Not only are notations used with multiple meanings, the notation is ambiguous and unable to represent essential information (and therefore not machine readable). Correct interpretation depends upon the reader’s foreknowledge. For example, two arrows leading to Raf from PKC and Src indicate the activation of Raf by these two kinases. However, it is unclear what the mechanisms are, which residues are phosphorylated, or which is the first modulator of Raf. Accompanying text can supplement missing information to explain otherwise ambiguous points. However, in some cases the text might be more ambiguous than diagrams.

Kurt Kohn may have been the first to propose well-defined canonical representations for molecular interactions (Kohn 1999; Kohn 2001); and other researchers have been working on alternative representations (Pirson, Fortemaison et al. 2000; Cook, Farley et al. 2001; Maimon and Browning 2001). Unfortunately, none of the proposals has been widely used for a variety reasons. For example, there is no software tool to create a Kohn Map efficiently, and this type of representation does not allow for explicit display of temporal processes. Other notations have different shortcomings.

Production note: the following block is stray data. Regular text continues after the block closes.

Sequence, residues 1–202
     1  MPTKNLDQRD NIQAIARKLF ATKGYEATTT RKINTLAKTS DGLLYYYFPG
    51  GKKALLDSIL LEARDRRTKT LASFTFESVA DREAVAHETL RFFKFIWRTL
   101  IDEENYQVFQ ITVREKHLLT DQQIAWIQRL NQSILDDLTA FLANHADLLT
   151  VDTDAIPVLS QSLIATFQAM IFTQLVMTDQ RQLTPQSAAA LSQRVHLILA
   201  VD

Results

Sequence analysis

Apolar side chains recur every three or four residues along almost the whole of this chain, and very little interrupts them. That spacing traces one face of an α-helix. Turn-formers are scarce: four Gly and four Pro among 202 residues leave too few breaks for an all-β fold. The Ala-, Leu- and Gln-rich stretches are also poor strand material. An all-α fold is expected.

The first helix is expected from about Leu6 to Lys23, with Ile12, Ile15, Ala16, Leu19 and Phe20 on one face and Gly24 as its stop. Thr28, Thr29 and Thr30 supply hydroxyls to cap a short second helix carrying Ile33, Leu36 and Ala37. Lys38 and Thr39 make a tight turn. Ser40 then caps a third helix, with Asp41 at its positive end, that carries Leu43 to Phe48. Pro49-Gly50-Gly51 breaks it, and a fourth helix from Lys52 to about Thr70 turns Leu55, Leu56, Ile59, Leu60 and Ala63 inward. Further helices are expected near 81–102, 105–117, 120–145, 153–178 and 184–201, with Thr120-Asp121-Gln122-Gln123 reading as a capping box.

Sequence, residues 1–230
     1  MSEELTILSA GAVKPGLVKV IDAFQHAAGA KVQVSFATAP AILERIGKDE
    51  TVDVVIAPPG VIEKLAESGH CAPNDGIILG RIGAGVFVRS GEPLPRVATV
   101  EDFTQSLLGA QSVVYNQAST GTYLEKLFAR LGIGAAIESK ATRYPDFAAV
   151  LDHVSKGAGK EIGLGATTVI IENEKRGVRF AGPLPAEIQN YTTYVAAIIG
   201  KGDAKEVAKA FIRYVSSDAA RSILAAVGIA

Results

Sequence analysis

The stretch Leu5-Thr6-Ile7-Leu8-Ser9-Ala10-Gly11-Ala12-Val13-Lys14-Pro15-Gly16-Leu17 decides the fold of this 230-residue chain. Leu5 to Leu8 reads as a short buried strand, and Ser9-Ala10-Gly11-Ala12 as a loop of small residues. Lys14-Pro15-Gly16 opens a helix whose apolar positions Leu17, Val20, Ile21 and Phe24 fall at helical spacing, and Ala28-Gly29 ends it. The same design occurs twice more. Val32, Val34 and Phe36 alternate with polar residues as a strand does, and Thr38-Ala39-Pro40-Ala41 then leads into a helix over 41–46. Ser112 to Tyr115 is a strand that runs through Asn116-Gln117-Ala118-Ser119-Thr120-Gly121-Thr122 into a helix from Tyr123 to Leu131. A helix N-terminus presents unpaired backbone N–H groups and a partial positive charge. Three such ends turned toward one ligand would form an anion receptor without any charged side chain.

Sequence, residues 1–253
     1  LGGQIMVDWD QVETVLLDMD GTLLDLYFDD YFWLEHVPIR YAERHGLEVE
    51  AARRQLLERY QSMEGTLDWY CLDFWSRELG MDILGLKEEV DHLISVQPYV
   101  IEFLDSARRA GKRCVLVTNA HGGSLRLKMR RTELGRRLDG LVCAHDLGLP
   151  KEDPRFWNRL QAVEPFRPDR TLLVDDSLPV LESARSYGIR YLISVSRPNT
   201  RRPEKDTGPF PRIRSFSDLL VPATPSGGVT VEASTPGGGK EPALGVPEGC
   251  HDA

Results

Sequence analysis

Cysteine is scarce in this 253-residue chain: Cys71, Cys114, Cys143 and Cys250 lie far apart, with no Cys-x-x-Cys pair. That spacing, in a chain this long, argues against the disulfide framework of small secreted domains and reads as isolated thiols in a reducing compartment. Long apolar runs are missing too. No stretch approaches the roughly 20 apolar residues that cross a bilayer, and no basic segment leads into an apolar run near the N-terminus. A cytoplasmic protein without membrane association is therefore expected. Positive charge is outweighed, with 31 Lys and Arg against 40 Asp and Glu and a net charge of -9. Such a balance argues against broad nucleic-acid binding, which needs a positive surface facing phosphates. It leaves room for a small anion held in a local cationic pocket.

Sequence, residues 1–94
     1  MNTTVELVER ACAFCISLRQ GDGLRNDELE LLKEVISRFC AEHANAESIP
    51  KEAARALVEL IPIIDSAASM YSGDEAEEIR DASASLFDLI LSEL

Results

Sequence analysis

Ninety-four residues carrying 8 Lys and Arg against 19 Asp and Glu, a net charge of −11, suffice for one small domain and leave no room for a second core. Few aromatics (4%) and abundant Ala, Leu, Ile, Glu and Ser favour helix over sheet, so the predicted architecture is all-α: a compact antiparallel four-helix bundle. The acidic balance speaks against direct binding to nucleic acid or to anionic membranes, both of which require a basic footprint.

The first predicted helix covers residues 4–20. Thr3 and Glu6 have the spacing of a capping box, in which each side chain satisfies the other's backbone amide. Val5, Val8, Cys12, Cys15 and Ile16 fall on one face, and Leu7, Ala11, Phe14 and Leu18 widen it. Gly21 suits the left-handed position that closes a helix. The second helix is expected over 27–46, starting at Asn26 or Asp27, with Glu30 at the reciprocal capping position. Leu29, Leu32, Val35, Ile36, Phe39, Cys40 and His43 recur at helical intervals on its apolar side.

Circuit schematics used in electronics are ideal examples of information display in a graphical but unambiguous manner. Engineers can reproduce the circuits drawn in the schematics simply from the information contained in the diagram. Although the interactions may be substantially more complex, one of our first goals in systems biology is to create standard graphical notations that unambiguously represent molecular interactions of biological systems.

2 A Process Diagram

A successful graphical notation must: (1) allow representation of diverse biological objects and interactions, (2) be semantically and visually unambiguous, (3) be able to incorporate notations, (4) allow tools to convert a graphically represented model into mathematical formulas for analysis and simulation, and (5) have software support to draw the diagrams. Although several graphical notation systems have been already proposed (Kohn 1999; Pirson, Fortemaison et al. 2000; Cook, Farley et al. 2001; Kohn 2001; Maimon and Browning 2001), each has obstacles to becoming a standard. Kitano proposed a graphical notation for biological networks (Kitano 2003) designed to express sufficient information in clearly visible and unambiguous way. Using the process diagram notation, the molecular interactions shown in Fig. 1 can be graphically represented as shown in Fig. 2.